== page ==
I’m freshly back from SES New York and eager to make good use of the new information I’ve discovered. Surprisingly, the first thing I’m most eager to try out is not a marketing tactic or new social media concept. I’m ready to rediscover Bing.
During the week of crazy networking that SES truly delivers on, I met up with Stefan Weitz, Director of Bing Search who showed me some pretty neat features. Bing has been making moves that have gone widely under the radar.
Leveraging the Semantic Web
Bing added many features at the end of last year that were under-reported, but very cool. Search has become more and more interactive. However, in the end it all has been coming down to blue links.
Sometimes there are 10; sometimes there are more or less. There’s one boxes and all kinds of other in-line helpers, but they all have blue links. No more.
Microsoft is leveraging social sites and user-generated data to create a more unique experience than most people generally expect from a search result page. For example, Bing recently started including data from two major social sites into its results.
OpenTable integration into Bing local search allows people to book reservations from the restaurant details page directly from a Bing result page. Similarly FanSnap widgets are also integrated into Bing local search, allowing users to view and purchase tickets for concerts, shows and sporting events right from within the search experience.
Keying in on their goal to be the decision engine, Bing is attempting to leverage the semantic Web to not only guess the type of data people are looking for, but also to make follow-up steps more convenient. Not only is Bing trying to better understand the average searcher’s behavior, they are also visually organizing search results in a useful way to help people accomplish tasks faster.
Bing is cautious of negatively affecting click throughs. Leveraging content from other publishers is useful for both Bing and the publishers to better interact with users, thereby driving more qualified traffic that will engage more deeply with the publishers, rather than sending visitors who will only stay for a brief visit. Bing looks at this as a win-win situation for everyone.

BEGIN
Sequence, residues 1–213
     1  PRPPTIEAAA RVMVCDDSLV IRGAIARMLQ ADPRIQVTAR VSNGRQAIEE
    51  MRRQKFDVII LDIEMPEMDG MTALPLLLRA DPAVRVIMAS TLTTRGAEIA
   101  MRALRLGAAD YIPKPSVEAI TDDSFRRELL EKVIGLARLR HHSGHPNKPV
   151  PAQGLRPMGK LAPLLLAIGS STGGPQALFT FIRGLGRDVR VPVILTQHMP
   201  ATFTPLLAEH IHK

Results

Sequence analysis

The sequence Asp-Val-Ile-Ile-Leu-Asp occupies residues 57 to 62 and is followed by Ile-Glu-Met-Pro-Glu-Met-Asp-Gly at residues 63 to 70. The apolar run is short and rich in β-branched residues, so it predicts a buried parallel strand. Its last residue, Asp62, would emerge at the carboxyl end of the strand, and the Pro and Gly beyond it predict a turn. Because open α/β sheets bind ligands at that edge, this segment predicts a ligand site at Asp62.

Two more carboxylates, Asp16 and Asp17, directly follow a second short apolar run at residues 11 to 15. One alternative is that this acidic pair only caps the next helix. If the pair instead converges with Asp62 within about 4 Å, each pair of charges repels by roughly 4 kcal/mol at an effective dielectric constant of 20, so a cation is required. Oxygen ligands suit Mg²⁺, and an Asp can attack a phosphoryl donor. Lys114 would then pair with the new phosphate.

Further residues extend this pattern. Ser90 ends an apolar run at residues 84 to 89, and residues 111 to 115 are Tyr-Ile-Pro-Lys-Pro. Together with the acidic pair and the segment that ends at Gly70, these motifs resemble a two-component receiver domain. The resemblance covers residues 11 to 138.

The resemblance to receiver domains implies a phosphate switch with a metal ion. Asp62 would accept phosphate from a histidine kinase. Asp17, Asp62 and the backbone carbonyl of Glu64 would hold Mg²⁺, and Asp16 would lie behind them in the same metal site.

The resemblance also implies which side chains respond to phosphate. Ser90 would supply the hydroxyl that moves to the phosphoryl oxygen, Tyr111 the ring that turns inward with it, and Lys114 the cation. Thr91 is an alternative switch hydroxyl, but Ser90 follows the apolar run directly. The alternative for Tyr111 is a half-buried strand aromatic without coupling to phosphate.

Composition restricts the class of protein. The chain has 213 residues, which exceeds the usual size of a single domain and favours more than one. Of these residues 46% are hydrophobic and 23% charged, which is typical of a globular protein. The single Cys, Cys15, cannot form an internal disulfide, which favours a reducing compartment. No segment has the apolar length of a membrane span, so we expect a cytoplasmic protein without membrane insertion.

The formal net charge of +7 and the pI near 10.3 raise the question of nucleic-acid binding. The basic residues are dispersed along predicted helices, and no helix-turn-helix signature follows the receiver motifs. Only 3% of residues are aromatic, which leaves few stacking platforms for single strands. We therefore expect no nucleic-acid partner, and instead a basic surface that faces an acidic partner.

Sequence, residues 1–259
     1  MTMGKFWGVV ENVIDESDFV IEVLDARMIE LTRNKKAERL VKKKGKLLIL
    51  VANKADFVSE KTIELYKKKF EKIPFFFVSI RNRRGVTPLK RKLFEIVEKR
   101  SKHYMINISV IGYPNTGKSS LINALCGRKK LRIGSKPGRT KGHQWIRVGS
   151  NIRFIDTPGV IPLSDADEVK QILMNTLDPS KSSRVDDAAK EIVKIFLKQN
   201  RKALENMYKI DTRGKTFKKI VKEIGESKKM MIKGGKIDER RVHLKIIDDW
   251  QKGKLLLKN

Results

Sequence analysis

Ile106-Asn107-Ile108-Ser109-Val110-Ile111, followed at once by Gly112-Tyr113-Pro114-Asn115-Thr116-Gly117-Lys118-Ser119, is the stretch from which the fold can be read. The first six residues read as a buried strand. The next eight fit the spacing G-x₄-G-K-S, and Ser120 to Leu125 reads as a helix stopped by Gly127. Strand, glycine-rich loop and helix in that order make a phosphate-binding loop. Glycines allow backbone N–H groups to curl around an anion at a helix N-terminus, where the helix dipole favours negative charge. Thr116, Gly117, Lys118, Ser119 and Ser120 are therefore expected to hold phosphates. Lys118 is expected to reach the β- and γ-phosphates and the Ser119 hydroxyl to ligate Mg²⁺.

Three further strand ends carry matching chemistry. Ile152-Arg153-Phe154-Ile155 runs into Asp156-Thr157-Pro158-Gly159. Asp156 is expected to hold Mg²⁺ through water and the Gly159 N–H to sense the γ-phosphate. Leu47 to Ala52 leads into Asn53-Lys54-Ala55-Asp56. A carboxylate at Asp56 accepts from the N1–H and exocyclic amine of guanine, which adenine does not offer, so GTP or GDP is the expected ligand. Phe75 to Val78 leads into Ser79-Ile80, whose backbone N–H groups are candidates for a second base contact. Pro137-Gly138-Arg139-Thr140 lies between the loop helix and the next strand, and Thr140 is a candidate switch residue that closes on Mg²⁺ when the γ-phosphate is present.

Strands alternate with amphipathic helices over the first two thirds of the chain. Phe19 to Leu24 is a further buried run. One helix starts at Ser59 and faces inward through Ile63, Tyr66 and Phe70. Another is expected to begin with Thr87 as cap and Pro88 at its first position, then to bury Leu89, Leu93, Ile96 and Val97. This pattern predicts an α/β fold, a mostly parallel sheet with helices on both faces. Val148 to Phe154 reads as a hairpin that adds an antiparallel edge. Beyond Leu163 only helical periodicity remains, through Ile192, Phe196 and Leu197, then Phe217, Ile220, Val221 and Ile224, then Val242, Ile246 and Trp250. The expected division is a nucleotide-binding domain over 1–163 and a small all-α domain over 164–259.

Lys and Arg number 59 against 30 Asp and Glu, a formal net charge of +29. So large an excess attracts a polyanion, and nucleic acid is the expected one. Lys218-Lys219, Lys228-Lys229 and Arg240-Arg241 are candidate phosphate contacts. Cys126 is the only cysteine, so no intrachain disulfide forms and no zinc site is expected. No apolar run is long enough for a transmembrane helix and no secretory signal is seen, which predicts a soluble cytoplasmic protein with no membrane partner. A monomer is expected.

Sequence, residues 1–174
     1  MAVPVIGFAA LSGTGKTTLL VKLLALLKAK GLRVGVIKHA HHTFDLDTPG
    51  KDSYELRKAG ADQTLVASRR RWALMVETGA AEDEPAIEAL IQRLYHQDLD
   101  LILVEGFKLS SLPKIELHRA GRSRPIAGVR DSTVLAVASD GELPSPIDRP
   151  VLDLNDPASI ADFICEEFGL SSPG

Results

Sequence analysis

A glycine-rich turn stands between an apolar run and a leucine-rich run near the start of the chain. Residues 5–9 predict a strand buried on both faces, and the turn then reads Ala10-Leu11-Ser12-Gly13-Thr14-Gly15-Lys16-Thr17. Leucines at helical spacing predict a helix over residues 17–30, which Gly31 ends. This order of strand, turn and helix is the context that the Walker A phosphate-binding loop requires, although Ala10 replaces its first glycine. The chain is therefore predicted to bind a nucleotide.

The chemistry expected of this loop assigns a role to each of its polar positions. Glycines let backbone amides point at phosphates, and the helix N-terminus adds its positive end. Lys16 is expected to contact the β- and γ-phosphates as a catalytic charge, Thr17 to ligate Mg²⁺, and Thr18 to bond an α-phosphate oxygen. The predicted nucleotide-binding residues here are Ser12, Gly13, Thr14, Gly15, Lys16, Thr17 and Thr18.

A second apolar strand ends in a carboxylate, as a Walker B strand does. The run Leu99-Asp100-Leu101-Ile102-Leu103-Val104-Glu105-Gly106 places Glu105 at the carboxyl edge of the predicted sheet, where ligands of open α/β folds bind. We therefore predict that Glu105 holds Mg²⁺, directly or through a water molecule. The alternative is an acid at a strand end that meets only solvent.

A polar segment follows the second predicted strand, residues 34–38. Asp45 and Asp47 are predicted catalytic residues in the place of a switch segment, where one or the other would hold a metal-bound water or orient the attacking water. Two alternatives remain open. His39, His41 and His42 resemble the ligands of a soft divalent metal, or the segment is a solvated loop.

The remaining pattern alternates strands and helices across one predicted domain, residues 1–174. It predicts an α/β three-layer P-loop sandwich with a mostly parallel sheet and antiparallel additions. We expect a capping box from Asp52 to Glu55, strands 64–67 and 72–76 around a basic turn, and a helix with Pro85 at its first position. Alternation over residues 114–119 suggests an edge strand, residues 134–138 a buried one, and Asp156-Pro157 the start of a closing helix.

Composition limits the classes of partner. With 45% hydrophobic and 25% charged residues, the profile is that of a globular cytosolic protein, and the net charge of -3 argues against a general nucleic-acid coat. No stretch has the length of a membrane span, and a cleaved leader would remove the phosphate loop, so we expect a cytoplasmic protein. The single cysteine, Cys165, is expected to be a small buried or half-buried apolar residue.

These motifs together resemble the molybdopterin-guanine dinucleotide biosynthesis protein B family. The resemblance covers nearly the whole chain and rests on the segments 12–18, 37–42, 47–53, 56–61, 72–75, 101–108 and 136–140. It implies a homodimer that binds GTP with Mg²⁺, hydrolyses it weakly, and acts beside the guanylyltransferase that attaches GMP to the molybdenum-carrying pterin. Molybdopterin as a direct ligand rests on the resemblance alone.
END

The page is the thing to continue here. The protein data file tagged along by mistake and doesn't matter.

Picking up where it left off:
While their focus continues to be promoting the search user’s experience by shortening the time it takes to perform actions based on their search, Microsoft will be continuing to monitor click-through rates to ensure there is no negative impact on content publishers.
Deals on Bing Mobile
Another innovative way Bing is leveraging content from across the semantic Web is by including information on over 200,000 deals from Groupon, Living Social and other daily deal sites. By incorporating this information into Bing Mobile, it allows you to find deals immediately in your vicinity.
While in New York for SES, this was a big deal. Bing took deals from over 14,000 cities and narrowed them down to show me deals specifically in and around Midtown Manhattan.
If you haven’t seen Bing mobile lately, it has undergone some major changes. The entire mobile site feels more like an app than a mobile page in a browser. In fact, when I first hit the site I had to do a double-take because it made my browser look like a Windows phone, complete with large fonts that afford the touch interface.
These are just a few of the innovative advancements Bing is doing to improve search beyond the basic 10 blue links. In my 2010 Search Recap, I said Bing would have to get innovative to gain search share. They seem to be well on their way.
For a different search experience, join me in giving Bing a second look, then post your comments here!